Children and young people’s health and wellbeing in changing times Shaping the future and improving outcomes
The partners The Association of Chief Children’s Nurses www.accnuk.org
The NHS Confederation www.nhsconfed.org
The Child and Maternal Health Observatory www.chimat.org.uk
The NHS Institute for Innovation and Improvement www.institute.nhs.uk
The Child Health Development Programme www.cyp1.org.uk
The Royal College of General Practitioners www.rcgp.org.uk
The NHS Alliance www.nhsalliance.org
Contents Executive summary
Mental health and wellbeing
Children and young people’s health and wellbeing in changing times
Executive summary England has one of the highest mortality rates in Europe for those aged 0 to 14. Levels of obesity among children in the UK are high, while 10 per cent of children between five and 16 years of age have a mental health problem. In addition, we currently have the highest birth rate in 40 years, which adds further weight to the case for addressing key child health and wellbeing challenges. Good health services for children are essential for the future health of the adult population. Making improvements to these services now will pay dividends in the future, quite apart from the moral and ethical case for doing so. Despite the welcome increase in funding over the last decade, the NHS atlas of variation shows there are still areas where outcomes are poor and highlights that greater resource allocation does not necessarily lead to improved care. New ways of working need to be considered to improve health outcomes and ensure children and young people receive the high-quality care they deserve. In 2011 the Royal College for Paediatrics and Child Health and the NHS Confederation published Children and young people’s health: where next? This raised concerns about the potential for the NHS reforms to increase fragmentation of children and young people’s services. When we published the report, children’s health services were commissioned by seven different organisations. Subsequent changes to education and criminal justice policy since its publication mean this has now increased to eight different organisations.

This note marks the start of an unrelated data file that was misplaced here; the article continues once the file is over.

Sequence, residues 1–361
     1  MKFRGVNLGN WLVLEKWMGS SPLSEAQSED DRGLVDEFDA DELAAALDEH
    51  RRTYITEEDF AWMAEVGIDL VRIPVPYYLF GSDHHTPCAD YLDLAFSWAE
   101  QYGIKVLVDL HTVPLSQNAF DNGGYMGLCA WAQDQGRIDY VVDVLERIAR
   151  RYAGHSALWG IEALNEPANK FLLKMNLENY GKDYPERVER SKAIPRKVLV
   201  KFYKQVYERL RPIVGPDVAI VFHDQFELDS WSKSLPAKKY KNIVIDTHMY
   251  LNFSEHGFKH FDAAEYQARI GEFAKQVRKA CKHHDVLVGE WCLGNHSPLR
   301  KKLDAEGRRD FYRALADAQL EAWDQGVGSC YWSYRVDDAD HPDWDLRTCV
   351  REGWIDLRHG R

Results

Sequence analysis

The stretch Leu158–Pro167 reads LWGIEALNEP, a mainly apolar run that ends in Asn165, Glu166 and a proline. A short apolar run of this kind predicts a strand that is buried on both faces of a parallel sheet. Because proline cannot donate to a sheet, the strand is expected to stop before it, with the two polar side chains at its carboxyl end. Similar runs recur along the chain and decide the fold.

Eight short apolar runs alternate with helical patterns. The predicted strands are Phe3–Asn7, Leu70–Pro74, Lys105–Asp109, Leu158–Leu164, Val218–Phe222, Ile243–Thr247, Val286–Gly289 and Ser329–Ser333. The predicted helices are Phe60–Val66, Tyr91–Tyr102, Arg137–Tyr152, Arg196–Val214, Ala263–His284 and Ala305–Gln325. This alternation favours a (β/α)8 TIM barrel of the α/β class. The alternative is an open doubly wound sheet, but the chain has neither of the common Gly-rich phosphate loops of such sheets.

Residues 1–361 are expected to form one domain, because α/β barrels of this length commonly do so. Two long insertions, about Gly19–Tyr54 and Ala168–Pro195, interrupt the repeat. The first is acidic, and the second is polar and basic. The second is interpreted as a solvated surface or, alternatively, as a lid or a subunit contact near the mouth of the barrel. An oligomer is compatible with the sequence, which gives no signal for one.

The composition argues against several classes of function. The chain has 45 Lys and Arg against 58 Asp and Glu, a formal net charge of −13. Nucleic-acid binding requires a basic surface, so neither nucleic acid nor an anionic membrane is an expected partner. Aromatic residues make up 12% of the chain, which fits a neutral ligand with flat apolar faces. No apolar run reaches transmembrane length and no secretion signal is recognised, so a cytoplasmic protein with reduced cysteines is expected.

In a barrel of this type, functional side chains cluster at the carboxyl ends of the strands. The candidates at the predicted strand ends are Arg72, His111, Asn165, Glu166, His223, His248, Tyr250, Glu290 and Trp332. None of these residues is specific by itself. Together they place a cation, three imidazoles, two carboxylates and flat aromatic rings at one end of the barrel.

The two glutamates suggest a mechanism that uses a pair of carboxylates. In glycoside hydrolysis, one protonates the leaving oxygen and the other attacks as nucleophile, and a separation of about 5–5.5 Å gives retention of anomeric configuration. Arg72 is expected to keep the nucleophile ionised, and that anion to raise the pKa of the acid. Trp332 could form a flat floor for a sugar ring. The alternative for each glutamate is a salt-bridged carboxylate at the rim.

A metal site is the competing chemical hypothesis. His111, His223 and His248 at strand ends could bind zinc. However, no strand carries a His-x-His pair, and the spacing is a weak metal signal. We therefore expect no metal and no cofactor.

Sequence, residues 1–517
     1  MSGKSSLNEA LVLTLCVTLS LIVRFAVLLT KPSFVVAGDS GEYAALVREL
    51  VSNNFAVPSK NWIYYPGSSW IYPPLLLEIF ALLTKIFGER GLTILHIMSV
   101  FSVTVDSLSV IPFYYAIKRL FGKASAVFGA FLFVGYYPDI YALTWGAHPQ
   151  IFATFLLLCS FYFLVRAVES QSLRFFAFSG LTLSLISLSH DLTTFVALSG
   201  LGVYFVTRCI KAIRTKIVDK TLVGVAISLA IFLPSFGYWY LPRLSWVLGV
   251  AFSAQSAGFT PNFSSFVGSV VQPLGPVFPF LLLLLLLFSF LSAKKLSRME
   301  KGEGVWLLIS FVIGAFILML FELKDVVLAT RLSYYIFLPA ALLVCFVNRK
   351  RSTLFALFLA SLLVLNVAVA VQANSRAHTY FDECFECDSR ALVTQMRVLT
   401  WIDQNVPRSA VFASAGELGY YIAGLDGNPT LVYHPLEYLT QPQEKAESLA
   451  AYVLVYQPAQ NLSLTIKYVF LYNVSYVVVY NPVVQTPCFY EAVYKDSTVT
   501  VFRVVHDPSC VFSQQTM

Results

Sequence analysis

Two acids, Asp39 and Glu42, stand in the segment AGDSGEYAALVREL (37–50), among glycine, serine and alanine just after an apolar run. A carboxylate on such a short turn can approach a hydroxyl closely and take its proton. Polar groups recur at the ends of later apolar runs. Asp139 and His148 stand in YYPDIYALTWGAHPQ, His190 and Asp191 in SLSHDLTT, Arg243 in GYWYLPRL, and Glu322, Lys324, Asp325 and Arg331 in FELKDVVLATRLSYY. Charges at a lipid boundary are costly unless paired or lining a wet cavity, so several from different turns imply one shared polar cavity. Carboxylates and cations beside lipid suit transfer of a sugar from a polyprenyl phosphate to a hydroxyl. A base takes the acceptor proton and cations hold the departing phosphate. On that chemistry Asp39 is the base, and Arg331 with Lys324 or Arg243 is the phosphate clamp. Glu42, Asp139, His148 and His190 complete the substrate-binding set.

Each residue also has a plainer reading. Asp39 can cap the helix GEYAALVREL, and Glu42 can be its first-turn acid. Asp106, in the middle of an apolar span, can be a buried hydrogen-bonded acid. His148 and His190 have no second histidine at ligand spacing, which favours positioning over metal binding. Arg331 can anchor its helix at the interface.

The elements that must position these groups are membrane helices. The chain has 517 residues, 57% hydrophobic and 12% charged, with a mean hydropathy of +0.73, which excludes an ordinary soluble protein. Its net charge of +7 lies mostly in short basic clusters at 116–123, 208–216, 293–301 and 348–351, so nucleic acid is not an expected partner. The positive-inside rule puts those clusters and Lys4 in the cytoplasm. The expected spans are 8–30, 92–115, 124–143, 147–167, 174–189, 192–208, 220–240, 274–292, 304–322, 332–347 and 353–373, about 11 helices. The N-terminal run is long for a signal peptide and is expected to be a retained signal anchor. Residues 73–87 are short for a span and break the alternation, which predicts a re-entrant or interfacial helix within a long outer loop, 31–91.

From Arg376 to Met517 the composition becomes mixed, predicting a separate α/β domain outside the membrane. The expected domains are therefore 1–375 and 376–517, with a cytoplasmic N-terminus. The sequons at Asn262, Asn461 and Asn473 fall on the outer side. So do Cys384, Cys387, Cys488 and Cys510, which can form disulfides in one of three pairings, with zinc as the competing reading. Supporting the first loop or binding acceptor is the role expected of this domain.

Following publication of the report, we welcomed the Government’s decision to bring together experts from the NHS, local government and charities to form the Children and Young People’s Health Outcomes (CYPHO) Forum. The CYPHO Forum’s report recommended strengthening existing outcomes measures and creating new measures to prompt action to improve the health of children and young people. For example, the report recommended a new outcome measure to ensure effective transitions between child and adult services. We endorse the recommendations of the CYPHO Forum’s report and urge the Government to implement them as soon as possible. While the CYPHO Forum’s report is welcome, action is needed. Therefore, a national collaborative of nine health organisations* brought together young people, health professionals and health organisations in a series of four events over the summer of 2012. The events considered what action could be taken at a local level to improve the health outcomes for children and young people and how this action could be supported at a national level. It was clear from these discussions that this is not just about the implementation of the NHS reforms but also needs to be seen as a cross-government issue. Changes to education, criminal justice policy and special educational needs provision currently being implemented all have an impact on the health of children.
* The Association of Chief